The third exciting novel starring the unforgettable antiquities thief Owl—a modern-day “Indiana Jane” who reluctantly navigates the hidden supernatural world. From the pen of rising urban fantasy star Kristi Charish (Owl and the Japanese Circus) and for fans of Kim Harrison, Jim Butcher, Jennifer Estep, Jenn Bennett, and fantasy lovers everywhere.

The International Archaeology Association (IAA) is responsible for keeping all things supernatural under wraps. They’re also responsible for ruining the promising archaeology career of Alix Hiboux, better known as Owl.

Needless to say, Owl’s still a little sore about that.

Just to keep Owl’s life lively, the IAA has opened a bounty on the two designers of World Quest, the online RPG that is much, much more than it seems. Owl needs to locate the notorious gaming duo before the other mercenaries do. But finding the gamers won’t be easy since every clue points to them hiding out in the legendary lost city of Shangri-La. Not to mention that the last time Owl and the game designers spoke, their conversation didn’t exactly end on the best note…

Meanwhile, undercurrents of supernatural politics are running amok in Tokyo, dragging Owl and her friends into a deadly game of wits with an opponent who calls himself the Electric Samurai. The cost of losing? All-out civil war between two powerful supernatural factions.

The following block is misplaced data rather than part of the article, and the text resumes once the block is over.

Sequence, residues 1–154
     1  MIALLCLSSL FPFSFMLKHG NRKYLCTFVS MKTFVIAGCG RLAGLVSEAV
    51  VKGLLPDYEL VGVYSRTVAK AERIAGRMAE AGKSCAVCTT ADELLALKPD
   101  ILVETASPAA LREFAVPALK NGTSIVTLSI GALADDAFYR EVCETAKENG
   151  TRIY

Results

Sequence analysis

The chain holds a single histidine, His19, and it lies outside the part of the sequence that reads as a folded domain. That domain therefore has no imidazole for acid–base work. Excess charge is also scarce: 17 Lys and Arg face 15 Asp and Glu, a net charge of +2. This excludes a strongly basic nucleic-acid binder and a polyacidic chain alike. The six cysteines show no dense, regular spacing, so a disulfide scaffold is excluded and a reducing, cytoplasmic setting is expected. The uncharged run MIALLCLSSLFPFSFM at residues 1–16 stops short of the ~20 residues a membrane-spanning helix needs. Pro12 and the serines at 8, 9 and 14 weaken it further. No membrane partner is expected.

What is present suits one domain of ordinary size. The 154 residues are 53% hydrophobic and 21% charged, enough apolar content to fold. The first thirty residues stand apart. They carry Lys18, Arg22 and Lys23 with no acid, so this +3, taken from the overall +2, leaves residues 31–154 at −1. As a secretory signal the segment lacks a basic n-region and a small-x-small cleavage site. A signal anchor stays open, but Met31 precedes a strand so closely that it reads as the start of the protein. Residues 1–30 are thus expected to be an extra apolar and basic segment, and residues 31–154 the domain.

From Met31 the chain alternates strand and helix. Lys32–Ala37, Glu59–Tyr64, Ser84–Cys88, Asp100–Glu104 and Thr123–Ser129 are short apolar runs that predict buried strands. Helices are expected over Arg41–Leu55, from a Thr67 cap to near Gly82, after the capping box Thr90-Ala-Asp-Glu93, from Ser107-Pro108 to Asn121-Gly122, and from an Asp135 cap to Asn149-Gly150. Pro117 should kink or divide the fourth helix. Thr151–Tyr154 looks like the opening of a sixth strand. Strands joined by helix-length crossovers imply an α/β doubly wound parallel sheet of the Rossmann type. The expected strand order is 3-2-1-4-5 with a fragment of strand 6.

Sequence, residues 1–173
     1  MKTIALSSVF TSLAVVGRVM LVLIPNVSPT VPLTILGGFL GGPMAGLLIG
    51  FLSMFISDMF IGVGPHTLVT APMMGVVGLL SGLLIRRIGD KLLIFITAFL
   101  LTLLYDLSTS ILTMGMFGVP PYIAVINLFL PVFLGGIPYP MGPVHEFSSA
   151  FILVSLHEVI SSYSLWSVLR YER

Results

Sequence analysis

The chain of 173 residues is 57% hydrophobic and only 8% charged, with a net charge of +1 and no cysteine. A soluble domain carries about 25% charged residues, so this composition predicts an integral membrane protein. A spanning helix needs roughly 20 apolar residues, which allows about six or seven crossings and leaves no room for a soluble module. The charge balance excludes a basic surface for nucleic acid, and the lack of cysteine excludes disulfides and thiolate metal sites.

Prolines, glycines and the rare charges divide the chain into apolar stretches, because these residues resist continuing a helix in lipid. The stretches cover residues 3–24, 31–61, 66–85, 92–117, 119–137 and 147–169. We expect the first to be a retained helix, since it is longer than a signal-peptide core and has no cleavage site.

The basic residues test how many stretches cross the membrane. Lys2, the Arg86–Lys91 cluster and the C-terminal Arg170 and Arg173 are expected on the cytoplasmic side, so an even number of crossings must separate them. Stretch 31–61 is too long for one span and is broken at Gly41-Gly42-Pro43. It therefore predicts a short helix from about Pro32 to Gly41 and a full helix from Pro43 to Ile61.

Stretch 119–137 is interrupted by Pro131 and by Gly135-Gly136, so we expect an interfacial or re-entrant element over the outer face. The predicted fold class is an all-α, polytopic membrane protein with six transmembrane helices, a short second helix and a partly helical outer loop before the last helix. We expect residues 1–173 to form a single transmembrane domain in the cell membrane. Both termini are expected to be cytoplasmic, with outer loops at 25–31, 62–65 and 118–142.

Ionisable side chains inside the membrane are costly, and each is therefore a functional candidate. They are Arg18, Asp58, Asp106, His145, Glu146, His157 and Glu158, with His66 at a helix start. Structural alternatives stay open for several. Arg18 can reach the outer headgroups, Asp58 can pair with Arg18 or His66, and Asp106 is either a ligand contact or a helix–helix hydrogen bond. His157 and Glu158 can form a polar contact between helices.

All in all, just another great day on the job.

Technically, I am no longer waiting, since I nabbed an electronic ARC last week, but I have been looking forward to this. It's such a fun series, mixing urban fantasy with archaeological adventures, and Owl is a fantastic heroine.

Monday, March 20, 2017

#Thriller Review: The Only Child by Andrew Pyper

The Only Child is . . . well, it's a lot of things, and I think that might be the problem. Andrew Pyper weaves what could have been an entirely satisfying gothic horror story, but then dilutes it with the trappings of a contemporary psychological thriller, drags it down with a 'hunter' subplot that's as weak as it is unwanted, and ties it all to a protagonist who loses all appeal after the first few chapters.

Dr. Lily Dominick is introduced as a smart, strong, independent young woman who chooses to confront and catalogue the monsters around us. There's a glimmer of humanity beneath her cool, clinical exterior that engages the reader and draws us is, but it's all too quickly extinguished. Instead, she's reduced to the role of victim, an emotionless pawn who forces the story forward, but about whose fate it's really hard to care.

Michael, the madman and monster at the heart of the tale, is really the only reason to keep reading, but even he wears thin after a while. His backstory is utterly fascinating, a tragic tale of gothic horror that ensnares Shelley, Stevenson, and Stoker, but it's only a small part of the story. Unfortunately, the bulk of the story involves his pursuit of Lily, and while there are some interesting questions there to drive the suspense, his threatening taunts and incestuous sexual innuendo are so over-the-top that he becomes a mockery of the genre. Even worse, their contrived cat-and-mouse game will have you mentally calculating the odds of continually being in the right place, at the right time, to see/hear/find the right thing.